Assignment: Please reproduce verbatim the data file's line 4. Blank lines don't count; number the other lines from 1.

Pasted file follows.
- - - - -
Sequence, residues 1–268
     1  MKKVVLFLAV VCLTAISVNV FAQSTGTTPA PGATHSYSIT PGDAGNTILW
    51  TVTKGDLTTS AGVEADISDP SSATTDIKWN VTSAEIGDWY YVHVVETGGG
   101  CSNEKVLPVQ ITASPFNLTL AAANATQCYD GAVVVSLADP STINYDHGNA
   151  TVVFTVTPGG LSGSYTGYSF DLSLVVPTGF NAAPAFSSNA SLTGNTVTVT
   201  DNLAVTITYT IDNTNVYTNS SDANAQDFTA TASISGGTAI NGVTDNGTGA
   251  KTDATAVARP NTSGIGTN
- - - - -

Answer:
   101  CSNEKVLPVQ ITASPFNLTL AAANATQCYD GAVVVSLADP STINYDHGNA